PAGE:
Moreover, a kirana shop’s location does not change for many years and storekeeper knows almost everyone in the family, their likes and dislikes.  They stock items which are otherwise difficult to find in a supermarket like shampoo sachets or drain cleaning powders or small quantity of boiled-sugar sweets. Though he might not have an IT database or an MIS system, he clearly knows what his customer wants. A case in point, me being a 'Hide n Seek' biscuit lover, had asked my kirana storewala twice for it. He didn't have it then. The third time I went, he had it stocked up. Compare this to a supermarket where they wouldn't really care for what I wanted.  In fact, when making a monthly shopping list, the kirana storeowners remind the customers of anything that may be missed. Such small personal touches can make a big difference in customer preferences for kirana stores. While these kiranas are continuously strengthening their PR skills and nurturing their relationships with the customers, retail companies are still struggling to do so because of their less focus on this aspect. Rarely would one find any staff even at a store wishing the customers or interacting with customers.

Another major area where the kirana store owners rule is by offering credit facility to their customers. While, on the other hand, even if customers are found short of one rupee, they have no choice but to drop the item from the cart. Customers can easily exchange products at the kirana store and buy something of the same value on their next visit. However, organised retail stores have strict ‘no-return’ policies which are never compromised.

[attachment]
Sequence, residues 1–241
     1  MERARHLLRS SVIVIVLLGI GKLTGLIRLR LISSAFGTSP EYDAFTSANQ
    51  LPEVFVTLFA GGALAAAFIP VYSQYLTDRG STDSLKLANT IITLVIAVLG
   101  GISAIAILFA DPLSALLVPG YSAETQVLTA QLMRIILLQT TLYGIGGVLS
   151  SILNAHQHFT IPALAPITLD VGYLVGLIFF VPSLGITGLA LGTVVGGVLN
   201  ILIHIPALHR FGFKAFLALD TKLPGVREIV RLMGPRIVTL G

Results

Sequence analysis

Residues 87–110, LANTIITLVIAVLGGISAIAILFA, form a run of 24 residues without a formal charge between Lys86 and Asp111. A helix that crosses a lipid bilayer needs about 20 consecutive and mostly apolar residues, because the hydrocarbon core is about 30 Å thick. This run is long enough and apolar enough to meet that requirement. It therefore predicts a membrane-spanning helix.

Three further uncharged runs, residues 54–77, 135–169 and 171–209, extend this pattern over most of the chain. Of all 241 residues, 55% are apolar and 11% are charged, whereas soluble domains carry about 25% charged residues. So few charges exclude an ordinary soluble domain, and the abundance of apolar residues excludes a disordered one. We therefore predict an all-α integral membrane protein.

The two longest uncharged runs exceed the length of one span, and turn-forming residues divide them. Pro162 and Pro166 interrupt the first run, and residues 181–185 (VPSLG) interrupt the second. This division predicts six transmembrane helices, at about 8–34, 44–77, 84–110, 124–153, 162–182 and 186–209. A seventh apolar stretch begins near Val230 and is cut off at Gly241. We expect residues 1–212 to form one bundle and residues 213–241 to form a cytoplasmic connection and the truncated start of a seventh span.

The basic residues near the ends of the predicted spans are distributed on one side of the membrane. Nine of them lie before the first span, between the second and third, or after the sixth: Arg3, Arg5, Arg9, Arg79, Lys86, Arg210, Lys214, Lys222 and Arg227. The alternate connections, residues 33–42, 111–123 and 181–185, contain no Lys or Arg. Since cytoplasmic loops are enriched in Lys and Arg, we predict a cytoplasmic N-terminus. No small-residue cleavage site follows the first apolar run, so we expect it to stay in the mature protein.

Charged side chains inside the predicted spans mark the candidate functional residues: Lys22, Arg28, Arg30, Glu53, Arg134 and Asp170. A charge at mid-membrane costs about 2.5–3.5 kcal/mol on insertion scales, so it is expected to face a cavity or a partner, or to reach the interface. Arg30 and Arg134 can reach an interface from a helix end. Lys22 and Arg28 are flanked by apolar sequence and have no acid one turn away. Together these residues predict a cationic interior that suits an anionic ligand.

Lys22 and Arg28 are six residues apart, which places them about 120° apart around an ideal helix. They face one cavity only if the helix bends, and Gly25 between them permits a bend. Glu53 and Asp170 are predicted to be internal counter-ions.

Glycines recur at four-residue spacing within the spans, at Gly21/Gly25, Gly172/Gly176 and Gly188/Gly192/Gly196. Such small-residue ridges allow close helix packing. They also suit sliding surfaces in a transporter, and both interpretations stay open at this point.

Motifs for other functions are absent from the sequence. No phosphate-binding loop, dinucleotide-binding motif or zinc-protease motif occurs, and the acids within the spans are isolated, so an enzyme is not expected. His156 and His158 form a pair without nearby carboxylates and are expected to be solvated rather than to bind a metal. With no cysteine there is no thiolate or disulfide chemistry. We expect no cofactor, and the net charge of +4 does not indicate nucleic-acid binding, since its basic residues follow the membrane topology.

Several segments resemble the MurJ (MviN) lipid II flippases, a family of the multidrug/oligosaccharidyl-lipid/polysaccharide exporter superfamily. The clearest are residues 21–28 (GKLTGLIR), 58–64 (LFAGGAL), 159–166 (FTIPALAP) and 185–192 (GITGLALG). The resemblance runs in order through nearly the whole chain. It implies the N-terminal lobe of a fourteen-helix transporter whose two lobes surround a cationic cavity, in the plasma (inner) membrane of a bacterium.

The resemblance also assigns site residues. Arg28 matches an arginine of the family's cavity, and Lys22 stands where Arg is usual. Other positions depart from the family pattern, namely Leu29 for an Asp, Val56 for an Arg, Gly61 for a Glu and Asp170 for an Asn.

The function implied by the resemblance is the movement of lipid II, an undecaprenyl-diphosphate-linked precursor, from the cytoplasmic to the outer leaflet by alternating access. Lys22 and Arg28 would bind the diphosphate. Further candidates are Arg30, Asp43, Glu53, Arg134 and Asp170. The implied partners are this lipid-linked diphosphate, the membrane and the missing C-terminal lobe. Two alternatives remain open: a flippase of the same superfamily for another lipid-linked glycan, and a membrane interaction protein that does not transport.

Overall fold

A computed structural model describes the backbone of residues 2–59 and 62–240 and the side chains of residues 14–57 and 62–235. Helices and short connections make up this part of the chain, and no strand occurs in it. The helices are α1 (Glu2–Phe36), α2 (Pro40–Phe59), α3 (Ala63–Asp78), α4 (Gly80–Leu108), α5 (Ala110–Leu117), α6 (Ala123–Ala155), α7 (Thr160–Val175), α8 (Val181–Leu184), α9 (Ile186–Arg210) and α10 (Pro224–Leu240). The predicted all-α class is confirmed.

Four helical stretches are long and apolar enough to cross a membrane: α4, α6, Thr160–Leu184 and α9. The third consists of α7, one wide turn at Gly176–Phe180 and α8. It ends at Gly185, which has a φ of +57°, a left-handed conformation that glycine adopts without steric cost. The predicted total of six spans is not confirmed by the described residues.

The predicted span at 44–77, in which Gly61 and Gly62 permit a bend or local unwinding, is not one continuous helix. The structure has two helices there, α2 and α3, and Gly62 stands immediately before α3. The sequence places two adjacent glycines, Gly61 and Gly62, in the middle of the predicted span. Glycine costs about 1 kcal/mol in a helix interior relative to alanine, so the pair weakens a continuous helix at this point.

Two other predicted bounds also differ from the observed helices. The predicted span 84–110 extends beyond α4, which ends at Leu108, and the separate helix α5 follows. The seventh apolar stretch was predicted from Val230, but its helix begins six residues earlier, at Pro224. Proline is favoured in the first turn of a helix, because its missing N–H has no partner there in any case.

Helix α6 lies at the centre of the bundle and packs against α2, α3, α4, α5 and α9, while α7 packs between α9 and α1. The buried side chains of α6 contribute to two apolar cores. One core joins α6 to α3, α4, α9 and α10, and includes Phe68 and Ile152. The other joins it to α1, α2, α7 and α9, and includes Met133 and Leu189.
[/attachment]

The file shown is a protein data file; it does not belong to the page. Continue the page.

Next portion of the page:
The major chunk of people who shop for FMCG products still find it convenient to shop at stores nearby, as they cannot always understand the concepts and the world of the organized sector. It is like comparing Delhi or Bangalore with a town in Rajasthan or any other state. Indians generally follow the JIT(Just in Time) system of cooking. This means, they buy curd, milk, fruits etc. which would just last for a day or two. A lot of this is because of the Indian psyche of not stocking up much at home. In spite of the fact that things have improved in terms of penetration of fridges, generators. However the Indian psyche hasn't changed much. India has still a long way to go before her retail industry is completely organized and we are able to see a paradigm shift towards acceptance for the malls and huge shopping centres, especially in Tier II and Tier III towns. For instance, if a person from a small town were to visit a huge mall in the larger cities, it would undoubtedly awe them with all the wonderful things they seem to offer but how far would the acceptance level be to use an elevator every week for purchase of small stuff which could be easily bought from the shop next door?

Nevertheless, the macroeconomic landscape indicates that the domestic retail industry has immense scope for the modern as well as traditional retailers to co-exist. Through a balanced regulatory framework and competition policy, both the traditional format and the modern format can continue to grow, eventually closing the gap between the organized and unorganized sectors.

About the Author

Sonam Doshi is a student of Goa Institute of Management.